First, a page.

Dir: Brad Anderson. Spain/US. 2004. 98 mins.
The Machinist is a sinister and unsettling psychological thriller which has cult favourite written all over it. It's Donnie Darko meets Kafka, Repulsion meets Safe. Talented US film-maker Brad Anderson (Session 9, Happy Accidents) takes the Cold War paranoia re-invading US society under the Bush administration and pours it into this mesmerising puzzle of a movie which will irritate as many as it captivates.
Critics likewise will be divided as to the merits of the film which could be read as either powerful post-9/11 snapshot of national anxiety or aggravating shaggy dog story. Nor will the startling grotesquerie of Christian Bale's central performance be a slamdunk with press or public. Few who see this film will be ambivalent.
But as Lars Von Trier has proved, like-it-or-hate-it pictures generate a want-to-see mentality among specialised audiences. Bale, who is currently starring in the title role of a new $135m Warner Bros movie of Batman, goes to lengths to which actors probably shouldn't go and his performance will be a magnet for publicity, especially as the Batman heat starts to pick up. And like Donnie Darko did around the world three years ago, The Machinist will resonate with smart young audiences growing up in the new world of moral ambiguity and Orwellian undercurrents.
Specialised distributors will have to work to make the film pay, but its long term value is considerable.
Bale lost so much weight to play the harrowed machinist that his extreme physical appearance is hard to stomach. Evoking pictures of starving children in Africa or Holocaust survivors at the end of World War II, his hunched, emaciated torso is frequently seen shirtless and audiences will be more alarmed by the actor's uncompromising perfectionism than the character's dilemma.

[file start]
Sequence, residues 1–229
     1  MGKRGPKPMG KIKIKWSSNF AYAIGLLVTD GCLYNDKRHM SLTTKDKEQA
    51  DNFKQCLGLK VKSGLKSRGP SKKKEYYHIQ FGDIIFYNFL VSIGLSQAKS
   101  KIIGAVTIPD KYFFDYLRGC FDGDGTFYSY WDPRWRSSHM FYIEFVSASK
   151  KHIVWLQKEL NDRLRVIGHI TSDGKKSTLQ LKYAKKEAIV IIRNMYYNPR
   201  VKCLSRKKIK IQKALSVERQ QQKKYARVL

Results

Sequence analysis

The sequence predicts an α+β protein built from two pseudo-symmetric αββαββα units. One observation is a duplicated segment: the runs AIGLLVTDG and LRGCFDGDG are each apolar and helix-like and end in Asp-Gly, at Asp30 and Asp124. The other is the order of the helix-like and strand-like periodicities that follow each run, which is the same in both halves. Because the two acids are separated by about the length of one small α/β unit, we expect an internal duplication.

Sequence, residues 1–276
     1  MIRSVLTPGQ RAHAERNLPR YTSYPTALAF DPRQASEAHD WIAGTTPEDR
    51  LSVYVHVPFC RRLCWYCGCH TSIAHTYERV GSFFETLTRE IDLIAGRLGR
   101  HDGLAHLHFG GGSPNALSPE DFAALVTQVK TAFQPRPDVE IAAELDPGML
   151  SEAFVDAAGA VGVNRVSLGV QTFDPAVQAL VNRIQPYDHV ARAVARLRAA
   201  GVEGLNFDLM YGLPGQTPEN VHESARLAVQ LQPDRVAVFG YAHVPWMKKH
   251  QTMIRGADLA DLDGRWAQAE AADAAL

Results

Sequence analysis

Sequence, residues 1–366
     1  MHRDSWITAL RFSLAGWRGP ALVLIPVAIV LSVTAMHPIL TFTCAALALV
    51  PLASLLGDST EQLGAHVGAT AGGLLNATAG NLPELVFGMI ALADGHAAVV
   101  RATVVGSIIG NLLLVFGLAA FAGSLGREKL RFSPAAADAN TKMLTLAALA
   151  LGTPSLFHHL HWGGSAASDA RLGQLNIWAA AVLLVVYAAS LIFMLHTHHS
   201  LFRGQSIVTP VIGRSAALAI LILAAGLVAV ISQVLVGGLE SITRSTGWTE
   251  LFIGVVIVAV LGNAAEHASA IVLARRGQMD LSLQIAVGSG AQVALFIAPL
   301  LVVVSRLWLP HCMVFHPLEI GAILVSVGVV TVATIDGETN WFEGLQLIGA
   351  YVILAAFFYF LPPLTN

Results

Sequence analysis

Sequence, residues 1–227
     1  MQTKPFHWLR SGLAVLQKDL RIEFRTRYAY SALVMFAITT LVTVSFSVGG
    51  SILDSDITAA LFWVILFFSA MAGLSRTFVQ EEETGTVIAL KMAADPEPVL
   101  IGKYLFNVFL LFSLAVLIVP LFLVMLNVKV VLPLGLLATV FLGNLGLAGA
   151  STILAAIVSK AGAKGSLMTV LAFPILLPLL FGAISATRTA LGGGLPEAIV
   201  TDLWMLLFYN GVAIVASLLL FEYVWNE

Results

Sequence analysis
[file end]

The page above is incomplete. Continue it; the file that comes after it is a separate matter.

He anchors the film with his extraordinary work as Trevor Reznik, a machinist in a factory who has not slept in a year. Plagued by his condition and losing weight every week, Trevor finds his only solace in his regular visits to a prostitute Stevie (Leigh) and his night-time visits to an airport cafe where he is served pie he never eats from his favourite waitress Marie (Sanchez-Gijon).
However, this status quo is unbalanced when Trevor meets a new co-worker at the factory called Ivan (Sharian) who distracts him one day and leads him to cause an accident in which another worker (Ironside) loses his arm. Even worse, nobody at the factory thinks Ivan exists and believe that Trevor is going crazy.
Cryptic notes start appearing in his apartment which lead him to suspect both Stevie and Marie in the conspiracy against him, and finally push him to conclusions which both illuminate the situation and terrify him.
Although ostensibly set in the US, The Machinist was shot in Spain and it has a European flavour to it which further enhances the non-specific Kafka-esque world of Anderson's vision. The lighting is suitably moody, casting eerie shadow into the crooked crevices of Bale's haunted face. The wonderful, Herrman-esque score by Roque Banos helps to heighten the mystery immeasurably.
Prod co: Filmax Entertainment, Castelao Productions
Worldwide sales: Filmax International/(34) 933 368 555
Exec prods: Carlos Fernandez, Antonia Nava
Prod: Julio Fernandez
Scr: Scott Alan Kosar
Cinematography: Xavi Gimenez
Prod des: Alain Bainee
Ed: Luis de la Madrid
Music: Roque Banos
Main cast: Christian Bale, Jennifer Jason Leigh, Aitana Sanchez-Gijon, John Sharian, Michael Ironside, Anna Massey